Section 106 punishes only false statements of fact in relation to a candidate's personal character or conduct. The courts have long recognised a protected area of speech - political speech and political debate - which lie beyond the pains and penalties of section 106. If Carmichael can persuade the court his lies were political and not personal in character -- he keeps his seat and gets off scot free. At least in law. Carmichael sought to persuade the judges that this was an open and shut question. He failed. At para [32], Lady Paton offered the court's rationale for rejecting this construction:
"We do not therefore accept the submission by senior counsel for the first respondent that the context of the statement under challenge (namely the fact that he was being asked questions in his capacity as Secretary of State for Scotland, it being understood that the leak had come from the Scotland Office) automatically has the result that the statement should be categorised as one given “in relation to the public or official character of the candidate” (Fairbairn, Lord Ross at page 396). 
On the contrary, we consider that a false statement of fact may be “in relation to the candidate’s personal character or conduct” even although it is made in a political context by someone who is the holder of an office in a particular party and relates to events involving politicians, political campaigning, political parties’ offices, staff, publications and so on. Each case must be considered on its own facts, and the question may often be one of fact and degree."
Carmichael also raised the question of motive. The petitioners must show that Carmichael's lies were motivated by his election in the northern isles. They must show, in short, that he lied to save his own skin, rather than to dent the SNP nationally, or to diminish the credibility of Nicola Sturgeon as a political figure.

Lady Paton's opinion is extremely clear here - the court can't reach a conclusion about (a) whether the lie was political or personal or (b) what motivated the cover-up - without hearing evidence. It isn't a decision which the election court can make on the law alone.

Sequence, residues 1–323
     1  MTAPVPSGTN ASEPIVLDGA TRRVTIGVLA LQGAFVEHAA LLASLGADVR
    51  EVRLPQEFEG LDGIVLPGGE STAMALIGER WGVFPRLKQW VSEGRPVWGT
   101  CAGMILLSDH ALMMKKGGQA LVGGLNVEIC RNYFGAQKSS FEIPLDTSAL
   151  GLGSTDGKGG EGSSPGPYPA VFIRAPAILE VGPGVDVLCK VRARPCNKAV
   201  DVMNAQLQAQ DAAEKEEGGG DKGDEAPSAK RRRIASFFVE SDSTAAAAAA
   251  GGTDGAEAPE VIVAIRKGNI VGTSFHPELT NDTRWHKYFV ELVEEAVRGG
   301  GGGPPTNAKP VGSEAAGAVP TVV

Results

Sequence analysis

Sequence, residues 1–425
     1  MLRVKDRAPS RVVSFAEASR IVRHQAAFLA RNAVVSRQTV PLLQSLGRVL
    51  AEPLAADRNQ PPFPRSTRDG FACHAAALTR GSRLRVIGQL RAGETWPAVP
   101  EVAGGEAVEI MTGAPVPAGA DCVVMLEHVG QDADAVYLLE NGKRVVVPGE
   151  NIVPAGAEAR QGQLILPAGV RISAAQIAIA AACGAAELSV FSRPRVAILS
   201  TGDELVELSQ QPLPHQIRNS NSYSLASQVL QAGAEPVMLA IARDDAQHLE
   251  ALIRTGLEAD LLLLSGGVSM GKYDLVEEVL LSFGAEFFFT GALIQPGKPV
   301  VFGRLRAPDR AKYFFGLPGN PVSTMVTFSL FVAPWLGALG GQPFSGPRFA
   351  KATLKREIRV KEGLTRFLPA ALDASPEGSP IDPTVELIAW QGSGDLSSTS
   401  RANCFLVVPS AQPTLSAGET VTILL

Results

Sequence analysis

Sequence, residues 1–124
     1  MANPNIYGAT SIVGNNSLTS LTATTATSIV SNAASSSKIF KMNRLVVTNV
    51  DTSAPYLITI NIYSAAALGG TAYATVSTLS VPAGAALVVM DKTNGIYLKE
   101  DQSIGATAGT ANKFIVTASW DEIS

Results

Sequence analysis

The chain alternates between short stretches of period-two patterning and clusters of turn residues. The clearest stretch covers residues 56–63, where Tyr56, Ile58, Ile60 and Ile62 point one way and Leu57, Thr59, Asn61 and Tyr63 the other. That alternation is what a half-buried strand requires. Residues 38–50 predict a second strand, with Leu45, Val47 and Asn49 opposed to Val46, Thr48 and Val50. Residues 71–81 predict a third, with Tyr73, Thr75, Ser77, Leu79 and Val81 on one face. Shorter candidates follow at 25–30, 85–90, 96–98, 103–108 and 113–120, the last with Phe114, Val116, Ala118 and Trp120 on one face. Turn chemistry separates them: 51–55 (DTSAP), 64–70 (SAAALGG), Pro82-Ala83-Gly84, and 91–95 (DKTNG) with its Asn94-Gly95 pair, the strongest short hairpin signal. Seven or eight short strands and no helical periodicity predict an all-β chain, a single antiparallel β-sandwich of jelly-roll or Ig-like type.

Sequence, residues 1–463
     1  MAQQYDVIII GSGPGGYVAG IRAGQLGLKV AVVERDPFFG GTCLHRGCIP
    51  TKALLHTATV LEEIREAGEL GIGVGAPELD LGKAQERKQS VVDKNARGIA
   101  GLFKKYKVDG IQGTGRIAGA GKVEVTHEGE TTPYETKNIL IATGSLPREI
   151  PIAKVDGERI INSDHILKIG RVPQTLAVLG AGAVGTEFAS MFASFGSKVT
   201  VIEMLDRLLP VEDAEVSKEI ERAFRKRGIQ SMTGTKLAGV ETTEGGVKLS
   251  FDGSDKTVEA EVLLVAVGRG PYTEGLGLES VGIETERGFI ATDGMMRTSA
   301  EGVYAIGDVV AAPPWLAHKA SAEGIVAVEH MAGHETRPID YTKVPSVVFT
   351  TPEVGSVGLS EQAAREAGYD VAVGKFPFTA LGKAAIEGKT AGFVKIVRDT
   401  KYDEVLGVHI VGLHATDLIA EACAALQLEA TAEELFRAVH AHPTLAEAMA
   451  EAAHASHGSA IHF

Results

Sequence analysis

"Circumstances can be envisaged where a false statement of fact is of such a nature that the effect in relation to a candidate’s personal character or conduct transcends the political context. In other words, being involved in a political matter will not necessarily provide protection from the effect of section 106. We consider therefore that it is necessary for this court to examine the facts surrounding the statement and its context with some care. 
The question of the type of relationship between the statement and the personal character and conduct of the first respondent is one which requires evidence, including evidence as to the motive or reason for giving the false statement. We do not accept, therefore, that it is sufficient simply to provide the court with a written narration of events and to invite the court to reach a view on the basis of the statute and the authorities. On the contrary, we consider that, in a case such as this, there may be subtle but significant inferences and nuances to be drawn from evidence when heard."
Law and fact interact. The election court's decision is necessarily context-dependent. Better to understand that context, evidence must be heard. That doesn't mean the four petitioners will ultimately prevail -- though they must be feeling considerably more chipper, having survived adjudication at the threshold. There remains every likelihood that Carmichael will keep his seat on the court's final analysis.  But it seems highly probable that the last Liberal Democrat in Scotland will find himself obliged to give evidence. And that wasn't part of the plan.

Lady Paton's legal opinion is an upset. An upset for those who thought this case was a crackpot and oppressive challenge without any sound basis in the Representation of the People Act. The election court's judgment today is a rebuke to the lazy cynics and a vindication for the Orkney four. This is no screwball use of the legislation. Their case is novel, absolutely. Unusual, for sure. But electoral law is complex, little understood and often arcane. It remains a mystery to me, how many folk who (a) know sod all about election law and (b) didn't bother to find out still felt able to pronounce the petition hopeless, baseless and motivated by ill will. Well, ye ken noo.

Lady Paton's decision also represents a bitter upset for Mr Carmichael, whose last best hope was to have the case kicked on the law. Now there is a distinct possibility that the northern isles MP will find himself in the witness box, answering impertinent questions including "Would you describe yourself as an honest man, Mr Carmichael? Do you think your constituents in Orkney and Shetland regard you as an honest man? Why did you lie? When you told Channel 4 that you were not involved in the leaking of this document, that was a lie, wasn’t it? Do you really think that is a credible explanation for your behaviour, Mr Carmichael?”

Grisly. "We wish to hear evidence." Five of the cruellest words in the English language.

28 September 2015

"Straight talking, honest politics..."

A crib sheet can be a dangerous thing. Like the actor's prompt, they allow the harried speaker to cut corners and to maintain a superficial veneer of plausibility on an unfamiliar topic.